Gary Mason sent us a whole pile of his photographs shot as a teenager during his travels through Europe hitting every motor race he could. His passion for racing, however, did not wane once he was back stateside. Here is a collection of his photos from the 1960 SCCA Nationals at Marlboro Motor Raceway in Maryland. Some great images here from the President’s Cup race which featured a wide variety of machines ranging from the heavy iron of Corvettes and big Ferraris down to Porsches and Lotus Elevens.
I love these mixed grids, especially when the finish order isn’t just a descending list of horsepower. Roger Penske took the day in his Porsche 718 after taking over the lead from fellow 718 driver Bob Holbert on the 3rd lap. If we were giving out trophies for aesthetics I’d be tempted to give a special prize to Bill Mitchell’s Corvette. That Stingray still looks exotic.
There are some photos from additional races that weekend, but I’m not immediately finding documentation about this MGA heavy grid or the little blue Devin.
Our mid-engine car is a fair-weather friend that won’t let you down in foul weather. On sunny days, the top snaps off in less than a minute, stores under the rear trunk lid and takes up almost no room at all. On rainy days the top locks back on almost as fast. And because it’s fiberglass, it won’t leak or rip. Unlike fabric.
But a friend is more than a fiberglass top. First of all, it’s a two-seater in the classic sports car tradition.
And right behind the two seats is an engine in our race car tradition.
The mid-engine concept gives the Porsche 914 a whole bundle of advantages over ordinary cars.
It holds the road better because its centre of gravity is lower.
It corners better, because there’s no heavy frond end to steer and no heavy back end to slide out.
It brakes faster and saves tire life because all the wheels carry a more equal load.
It also comes with a built-in roll bar, electronic fuel injection, 5 speed synchromesh transmission and two trunks.
Best of all, you can get all of this for a whole lot less than you would expect to pay to own a Porsche. Really.
But don’t just settle for an impression from an ad. Test drive the Porsche 914 yourself. Swing it into a few corners. Pop off the fiberglass top.
I thought I’d seen every possible accessory and customization for the 911, but I’m really digging these Ignition Switch Cover Decals from Car Bone Liveries. It’s such a subtle little touch that is not too ostentatious, not too enthusiastically screaming “outlaw!”. They’re just a nice little detail that pays tribute to a favorite racing livery or Porsche-inspired pattern. I like the tartan myself.. Now I just need the matching seats… and the car.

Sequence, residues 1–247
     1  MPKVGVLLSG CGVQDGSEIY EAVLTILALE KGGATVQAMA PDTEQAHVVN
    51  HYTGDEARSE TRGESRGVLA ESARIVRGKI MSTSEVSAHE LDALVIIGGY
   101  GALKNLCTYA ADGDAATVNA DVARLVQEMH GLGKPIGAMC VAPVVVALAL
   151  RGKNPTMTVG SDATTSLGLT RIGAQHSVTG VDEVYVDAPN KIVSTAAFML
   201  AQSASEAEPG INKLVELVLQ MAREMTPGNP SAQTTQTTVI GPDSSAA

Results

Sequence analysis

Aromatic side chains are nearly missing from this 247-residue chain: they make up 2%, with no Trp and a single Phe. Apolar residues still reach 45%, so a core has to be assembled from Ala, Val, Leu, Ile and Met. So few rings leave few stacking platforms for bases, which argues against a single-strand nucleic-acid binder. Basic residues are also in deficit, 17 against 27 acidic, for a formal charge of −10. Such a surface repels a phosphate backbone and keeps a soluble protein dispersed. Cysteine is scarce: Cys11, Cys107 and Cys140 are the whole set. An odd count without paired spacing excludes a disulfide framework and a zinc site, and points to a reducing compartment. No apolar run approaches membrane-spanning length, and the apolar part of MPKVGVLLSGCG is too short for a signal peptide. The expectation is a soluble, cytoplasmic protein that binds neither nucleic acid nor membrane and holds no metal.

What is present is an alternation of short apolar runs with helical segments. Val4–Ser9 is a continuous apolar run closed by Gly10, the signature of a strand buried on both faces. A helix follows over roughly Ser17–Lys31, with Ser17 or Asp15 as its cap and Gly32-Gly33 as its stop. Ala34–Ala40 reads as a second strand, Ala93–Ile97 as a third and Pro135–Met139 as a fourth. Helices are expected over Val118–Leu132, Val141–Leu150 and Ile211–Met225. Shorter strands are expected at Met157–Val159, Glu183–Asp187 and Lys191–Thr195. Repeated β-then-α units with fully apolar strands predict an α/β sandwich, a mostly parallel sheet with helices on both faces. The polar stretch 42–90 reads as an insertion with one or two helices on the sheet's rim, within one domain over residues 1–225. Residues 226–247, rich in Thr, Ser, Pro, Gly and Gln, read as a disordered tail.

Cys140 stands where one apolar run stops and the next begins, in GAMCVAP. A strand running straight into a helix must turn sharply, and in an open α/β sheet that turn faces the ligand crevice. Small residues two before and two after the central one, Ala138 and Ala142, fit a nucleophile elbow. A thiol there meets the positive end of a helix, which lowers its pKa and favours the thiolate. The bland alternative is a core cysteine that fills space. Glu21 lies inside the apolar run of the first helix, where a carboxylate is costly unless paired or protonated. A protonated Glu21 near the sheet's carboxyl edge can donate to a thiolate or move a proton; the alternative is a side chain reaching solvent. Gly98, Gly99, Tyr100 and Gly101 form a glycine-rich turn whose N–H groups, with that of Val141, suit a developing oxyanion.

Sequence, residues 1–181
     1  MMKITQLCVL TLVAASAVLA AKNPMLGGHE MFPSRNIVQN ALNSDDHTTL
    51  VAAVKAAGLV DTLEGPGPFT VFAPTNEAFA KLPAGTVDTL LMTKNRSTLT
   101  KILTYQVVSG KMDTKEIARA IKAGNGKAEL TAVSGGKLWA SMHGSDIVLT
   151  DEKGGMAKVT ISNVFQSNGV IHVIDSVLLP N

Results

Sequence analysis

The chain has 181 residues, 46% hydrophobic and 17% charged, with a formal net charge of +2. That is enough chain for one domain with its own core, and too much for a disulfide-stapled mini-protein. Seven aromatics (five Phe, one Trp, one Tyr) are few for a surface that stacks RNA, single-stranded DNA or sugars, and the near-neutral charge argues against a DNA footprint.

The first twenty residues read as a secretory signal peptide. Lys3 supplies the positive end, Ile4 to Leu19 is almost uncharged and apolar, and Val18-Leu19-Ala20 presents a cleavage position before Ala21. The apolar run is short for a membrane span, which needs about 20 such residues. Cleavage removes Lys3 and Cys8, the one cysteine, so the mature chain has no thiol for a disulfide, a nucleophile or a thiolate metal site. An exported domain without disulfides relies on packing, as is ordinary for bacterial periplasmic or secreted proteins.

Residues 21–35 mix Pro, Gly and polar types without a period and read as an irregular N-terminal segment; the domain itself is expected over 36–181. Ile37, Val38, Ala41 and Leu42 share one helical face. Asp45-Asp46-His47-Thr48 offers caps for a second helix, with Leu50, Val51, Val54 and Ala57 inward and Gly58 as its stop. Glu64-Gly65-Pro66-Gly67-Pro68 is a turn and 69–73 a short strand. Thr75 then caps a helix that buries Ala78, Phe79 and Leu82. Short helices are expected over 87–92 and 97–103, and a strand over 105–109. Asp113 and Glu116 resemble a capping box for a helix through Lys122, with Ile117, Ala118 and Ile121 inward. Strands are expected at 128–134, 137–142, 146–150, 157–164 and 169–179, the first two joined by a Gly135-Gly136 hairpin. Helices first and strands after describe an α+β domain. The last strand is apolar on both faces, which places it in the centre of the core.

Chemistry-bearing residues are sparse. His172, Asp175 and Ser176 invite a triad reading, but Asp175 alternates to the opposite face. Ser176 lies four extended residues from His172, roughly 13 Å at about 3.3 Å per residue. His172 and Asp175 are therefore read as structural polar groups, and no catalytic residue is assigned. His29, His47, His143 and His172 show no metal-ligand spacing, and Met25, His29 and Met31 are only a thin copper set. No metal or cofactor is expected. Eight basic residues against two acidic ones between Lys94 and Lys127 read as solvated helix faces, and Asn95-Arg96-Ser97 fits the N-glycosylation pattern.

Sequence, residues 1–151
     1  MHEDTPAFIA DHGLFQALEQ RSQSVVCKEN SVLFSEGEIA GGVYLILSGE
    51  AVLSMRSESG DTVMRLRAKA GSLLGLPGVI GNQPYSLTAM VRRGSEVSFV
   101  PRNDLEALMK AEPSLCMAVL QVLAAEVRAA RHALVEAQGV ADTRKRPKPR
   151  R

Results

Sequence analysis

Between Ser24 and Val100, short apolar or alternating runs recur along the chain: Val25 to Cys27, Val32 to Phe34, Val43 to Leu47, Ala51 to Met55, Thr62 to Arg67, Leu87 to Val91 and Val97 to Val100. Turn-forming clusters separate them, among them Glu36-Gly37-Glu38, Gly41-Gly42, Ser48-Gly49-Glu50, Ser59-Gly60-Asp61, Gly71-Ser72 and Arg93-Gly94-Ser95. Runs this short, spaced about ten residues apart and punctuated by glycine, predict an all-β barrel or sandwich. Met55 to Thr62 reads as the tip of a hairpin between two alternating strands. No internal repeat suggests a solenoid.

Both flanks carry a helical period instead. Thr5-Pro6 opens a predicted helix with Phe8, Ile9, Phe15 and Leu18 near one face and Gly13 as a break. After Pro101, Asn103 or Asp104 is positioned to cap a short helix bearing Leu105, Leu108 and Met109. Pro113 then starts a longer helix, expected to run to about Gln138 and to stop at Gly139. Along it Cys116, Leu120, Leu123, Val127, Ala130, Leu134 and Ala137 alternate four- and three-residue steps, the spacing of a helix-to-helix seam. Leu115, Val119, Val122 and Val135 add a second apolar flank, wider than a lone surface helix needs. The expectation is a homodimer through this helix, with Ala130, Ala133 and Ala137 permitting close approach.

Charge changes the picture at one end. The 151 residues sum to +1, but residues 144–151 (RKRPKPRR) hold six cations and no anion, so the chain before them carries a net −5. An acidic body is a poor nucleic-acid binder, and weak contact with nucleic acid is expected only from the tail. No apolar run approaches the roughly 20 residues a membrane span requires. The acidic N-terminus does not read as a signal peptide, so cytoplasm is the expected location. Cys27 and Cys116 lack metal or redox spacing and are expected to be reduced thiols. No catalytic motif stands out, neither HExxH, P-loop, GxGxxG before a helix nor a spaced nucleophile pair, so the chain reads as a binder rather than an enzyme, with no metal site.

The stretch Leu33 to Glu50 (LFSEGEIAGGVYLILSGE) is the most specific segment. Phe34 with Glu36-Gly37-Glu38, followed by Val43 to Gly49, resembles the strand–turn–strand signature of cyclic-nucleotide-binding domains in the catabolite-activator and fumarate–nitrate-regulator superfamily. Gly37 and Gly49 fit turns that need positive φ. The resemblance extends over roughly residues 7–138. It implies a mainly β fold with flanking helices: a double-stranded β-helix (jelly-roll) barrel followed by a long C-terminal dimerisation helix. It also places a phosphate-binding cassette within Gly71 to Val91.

I’m glad someone else has followed The Goodwood Revival’s marvelous example of livestreaming and archiving contemporary vintage races. I can think of no better example of an event to do so than the 2016 Monterey Motorsports Reunion. I didn’t learn that the event was being streamed until the Monday after. Thankfully the archive is already up and running and ready for you to start your week. Throw on your headphones and be ready to quickly switch to a spreadsheet when your boss walks by.
This film would surely have disintegrated in its can if Fred Weinberg had not picked up at a yard sale. I like to imagine the thrill of discovery as Fred held that film reel up to the light and unspooled a few feet of film. That slow realization that those tiny shapes are racing cars; then taking it home and loading it into the old projector and beginning to recognize the streets of Watkins Glen. Then there’s trying to catch glimpses of racing numbers as he poured over archives of race results trying to figure out which running of a race this was. The ultimate realization that there’s footage here from the Queen Catherine Cup, the Seneca Sup, and the main event. Magnificent. Despite all of this archeology the original photographer is still unknown, but at least we can all appreciate his or her contribution to our precious little media of early American road racing.
The Quail: A Motorsports Gathering always draws out many of the best vintage racing cars on the planet—so it only makes sense that Bonham’s auction at the event will follow suit. From Duesenbergs to McLarens, there are too many amazing sports and racing cars coming across that magnificent auction block to list them all. I do want to point out a few personal favorites. Some of these may not be the cars that command the high-end bids. They are just some that made me smile as I perused the auction catalog.
1953 Bandini 750 Sport Siluro
1970 Alfa Romeo GTA 1300
1965 Shelby Cobra 289 – I far prefer it’s curves to the 427
1964 Cheetah GT Coupe
1959 Autobianchi Bianchina Transformable
1955 Austin-Healey 100 BN1. I can’t believe that adjustable racing windscreen didn’t get more widely adopted.
1951 Allard J2
1934 Riley 12/4 Special
Ex-Howe, Ex-Nuvolari 1931 Bugatti Type 51 2-Seater Grand Prix Racer
James Dean would hate that I’m posting this film featuring him as a celebrity participating in a weekend at the track. I don’t doubt that James Dean or Steve McQueen or Paul Newman had a genuine love for the sport, but I can’t help but think that part of the allure was that they weren’t catered to; weren’t ushered to the best table—they were just another competitor on the track that would be given no preferential treatment by their fellow racers. Being just another one of the guys must have been refreshing. That they were each of them skilled drivers and fierce competitors only helps solidify their respect and legend within the racing community.